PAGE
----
Chief nursing officers perform a myriad of instrumental roles in an attempt to expedite and advance service delivery. For instance; one of the most fulfilling duties in the nursing profession is being a nurse leader. Supervision of nurses is the main role of chief nursing officers; hence, they begin to impact nurses either positively or negatively through the process of supervision (Hader, 2007).
The Chief nursing officer is also in a position to facilitate the design required to deliver effective healthcare services by nurses. In addition, chief nursing officers are expected to assist nurses to implement efficient delivery of healthcare services to patients by offering robust and functional recommendations on a day-to-day basis (Institute of Medicine, 2010). The overall goal is to improve patients’ experience when they visit healthcare facilities.
There are also several established short and long-term objectives that the nursing fraternity is supposed to attain. While they may achieve these goals on their own, a chief nursing officer propels the attainment of the set objectives and also ensures that nurses are intrinsically motivated towards realizing the goals (Hader, 2007). Satisfactory outcomes can only be maintained when a chief nursing officer performs his or her duties competently. For most healthcare institutions that are profit-oriented, a chief nursing officer can play a noble role in guiding and motivating nurses to boost profitability.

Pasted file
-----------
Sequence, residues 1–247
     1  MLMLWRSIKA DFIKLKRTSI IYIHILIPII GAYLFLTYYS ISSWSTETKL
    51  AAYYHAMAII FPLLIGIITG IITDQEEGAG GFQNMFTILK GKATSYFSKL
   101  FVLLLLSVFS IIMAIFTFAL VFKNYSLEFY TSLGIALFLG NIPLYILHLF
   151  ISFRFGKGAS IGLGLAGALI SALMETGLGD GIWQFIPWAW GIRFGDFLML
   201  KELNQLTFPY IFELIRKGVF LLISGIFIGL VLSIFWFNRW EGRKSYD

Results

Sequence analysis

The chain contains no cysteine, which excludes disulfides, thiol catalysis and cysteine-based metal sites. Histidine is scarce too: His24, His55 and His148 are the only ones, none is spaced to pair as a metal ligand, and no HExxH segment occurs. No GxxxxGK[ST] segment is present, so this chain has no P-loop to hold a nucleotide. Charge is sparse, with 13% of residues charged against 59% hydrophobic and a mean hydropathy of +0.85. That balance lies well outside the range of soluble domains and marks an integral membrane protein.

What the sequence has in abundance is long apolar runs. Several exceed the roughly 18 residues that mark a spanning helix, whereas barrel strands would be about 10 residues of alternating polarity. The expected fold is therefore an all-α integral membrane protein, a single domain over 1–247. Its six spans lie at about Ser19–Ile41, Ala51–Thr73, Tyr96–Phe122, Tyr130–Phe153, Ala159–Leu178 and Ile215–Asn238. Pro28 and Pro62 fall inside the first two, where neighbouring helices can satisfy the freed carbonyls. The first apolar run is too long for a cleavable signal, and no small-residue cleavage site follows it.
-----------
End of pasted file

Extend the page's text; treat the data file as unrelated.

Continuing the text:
A chief nursing officer can indeed create an environment where all workers feel comfortable and ready to offer high-quality services. To a large extent, a positive and collaborative working atmosphere is required by nurses to perform well in the workplace.
A collaborative environment also sets the right pace for optimum production because nurses are compelled to jointly pull as a team and not individuals. Workplace procedures, institutional policies, and operations are supposed to be implemented by a chief nursing officer. However, it is crucial to mention that the officer cannot achieve these broad duties alone. The officer can put in place ground rules to be adhered to by nurses so that the set guidelines can be followed.
As much as a chief nursing officer is not allowed to coerce nursing employees to stick to the rules, he or she ought to set the standards and also induct employees regularly on the need to follow the given guidelines. According to Hader (2007), regulations and standards that have been established should be followed by all nurses. Fellow nurses can readily demonstrate aptitude and cooperation when they fully comprehend the values attached to any work process.
Annual budgets and business reports are pertinent in both the short and long-term planning in an organization. The daily duties of nurses ought to focus on the overall growth of a hospital setting. One of the areas that demand this particular focus is the budget. Apart from utilizing the services of accounting professionals when preparing annual budgets, a chief nursing officer should seek the input of all the employed nurses before compiling the final budget. Key decisions that directly impact nurses should be approached mutually. When a chief nursing officer involves nurses in decision making, they will feel to be part and parcel of the system and therefore remain motivated to work.
A chief nursing officer is in a vantage position to be resourceful to colleagues. Disciplinary actions should also be approached cautiously. From the above discussion, it is evident that a chief nursing officer can provide the right direction for the rest of the nursing team. While each nursing professional within a healthcare setting understands his or her job description, the execution of individual roles is enhanced by the noble functions of a chief nursing officer.
Hader, R. (2007). Are you prepared for your role as a CNO? Nursing Management, 38 (3), 43-44.
Institute of Medicine (2010). The future of nursing: Leading change, advancing health: Report recommendations. Web.